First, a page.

Call to Prayer or to Clap or ……?

Hang on, I thought. If I was not a person of faith, would this make any sense?

Call to Prayer or to Clap or ……?

When the terrible death toll from Covid 19 reached 100,000 in the UK, it was understandable that the Archbishops of Canterbury and York were asked to speak on various media platforms as leaders of the national church. Indeed Justin Welby has had much to say during this pandemic, calling for co-operation amongst the nations of the world to ensure that all countries receive vaccine supplies. The archbishop has spoken up for poorly paid care staff, he himself has been a volunteer chaplain at a London hospital.

When that terrible death toll figure was reached, the two archbishops issued a letter to the nation, asking us all to pause and reflect on the enormity of the pandemic and the suffering it has caused. The letter was clear about the disproportionate affliction suffered by poorer and minority ethnic communities and those living with disabilities. All encouraging stuff.

Yet in a country which is both multi faith and largely secular the letter pulled no punches in regard to Christian faith, speaking of the resurrection of Jesus, and the hope of our sharing in that resurrection. In some ways a response might be ‘Well they would say that wouldn’t they?’ And of course they would. But in other ways my feeling is how connected to our nation is the established church? There is an assumption that the claims of the Christian faith will be received with thankfulness (or at worst equanimity) by a grieving population. I was particularly struck by this call to prayer: “Whether you’re someone of faith, or not, we invite you to call on God in prayer.”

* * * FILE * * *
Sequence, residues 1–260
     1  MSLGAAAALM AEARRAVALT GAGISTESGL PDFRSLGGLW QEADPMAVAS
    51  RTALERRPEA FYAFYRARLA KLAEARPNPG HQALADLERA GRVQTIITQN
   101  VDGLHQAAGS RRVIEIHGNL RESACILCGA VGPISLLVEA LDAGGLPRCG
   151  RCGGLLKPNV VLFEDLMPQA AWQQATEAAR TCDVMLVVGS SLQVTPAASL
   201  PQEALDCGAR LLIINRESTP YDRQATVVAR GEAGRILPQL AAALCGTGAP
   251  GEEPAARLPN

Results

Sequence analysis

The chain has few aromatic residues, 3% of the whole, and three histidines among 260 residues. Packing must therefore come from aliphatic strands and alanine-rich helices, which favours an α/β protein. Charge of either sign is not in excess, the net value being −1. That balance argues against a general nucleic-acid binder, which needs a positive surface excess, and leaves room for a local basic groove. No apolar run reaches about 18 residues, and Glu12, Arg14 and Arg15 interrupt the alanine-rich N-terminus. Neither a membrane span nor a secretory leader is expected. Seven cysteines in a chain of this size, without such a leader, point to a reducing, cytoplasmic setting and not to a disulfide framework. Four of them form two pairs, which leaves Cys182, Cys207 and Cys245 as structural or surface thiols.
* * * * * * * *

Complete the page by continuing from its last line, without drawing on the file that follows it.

Hang on, I thought. If I was not a person of faith, would this make any sense? Are the archbishops than asking a non-faith (therefore an atheist) person to pray to a God? Is this some kind of blind arrogance that of course we all know there is a God whether we believe in God or not? Would it not have been better to have asked the nation to reflect, to pause, to think, to remember, to clap and for those who have faith in a God who listens to prayer, then ok to pray.

This of course widens into the whole debate about what we mean by prayer. Its commonplace to offer prayers in all kinds of secular contexts – prayers at the start of the day in the Houses of Parliament for example. Perhaps one day we can have a more honest and open debate about what all this means, how does prayer work? The archbishops in their letter say: “We hope it is some consolation to know that the church prays for the life of our nation every day.” Is it? Has it made a difference? The archbishops then say, more revealingly: “Prayer is an expression of love”. So is that what they are really saying? Love one another? I guess we can all agree on that.

In such a public letter to the nation, as in all those public occasions when the cathedrals of our land host the big services – be it memorials, celebrations, state occasions – there is a nodding acceptance to the claims of religion. We let the God language flow over us. But rarely is there any serious public debate about religious belief within the Church. The tough theological questions are just not there and we continue with the spectacle of a national church calling a nation to prayer, irrespective of what that means to millions of its citizens.


The full letter can be read here:

Adrian Alker



Isn't theodicy the elephant in the room.

A church that still, for the most part, preaches Divine intervention remains silent towards those, innocent of the many scholarly tomes on the subject, asking simple questions of where is God, not in the pandemic, but rather in the virus itself? Did God create it or simply passively watch and allow it to evolve? In either case why? if neither who and where is your creator - interventionist God?

The silence is deafening but unless the church squares up honestly to the elephant I fear it is heading for an obscure and irrelevant cult.

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